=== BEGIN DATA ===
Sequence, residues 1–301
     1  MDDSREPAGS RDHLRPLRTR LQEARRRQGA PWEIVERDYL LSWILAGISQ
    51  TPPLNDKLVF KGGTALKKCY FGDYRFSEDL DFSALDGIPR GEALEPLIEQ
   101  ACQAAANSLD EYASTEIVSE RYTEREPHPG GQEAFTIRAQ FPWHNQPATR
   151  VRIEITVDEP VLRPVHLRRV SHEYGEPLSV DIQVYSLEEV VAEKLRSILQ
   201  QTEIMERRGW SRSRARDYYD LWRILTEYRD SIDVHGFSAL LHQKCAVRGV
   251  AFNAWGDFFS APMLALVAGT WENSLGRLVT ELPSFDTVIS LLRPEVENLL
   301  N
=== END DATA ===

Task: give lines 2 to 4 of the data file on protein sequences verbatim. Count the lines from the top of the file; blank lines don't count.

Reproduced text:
     1  MDDSREPAGS RDHLRPLRTR LQEARRRQGA PWEIVERDYL LSWILAGISQ
    51  TPPLNDKLVF KGGTALKKCY FGDYRFSEDL DFSALDGIPR GEALEPLIEQ
   101  ACQAAANSLD EYASTEIVSE RYTEREPHPG GQEAFTIRAQ FPWHNQPATR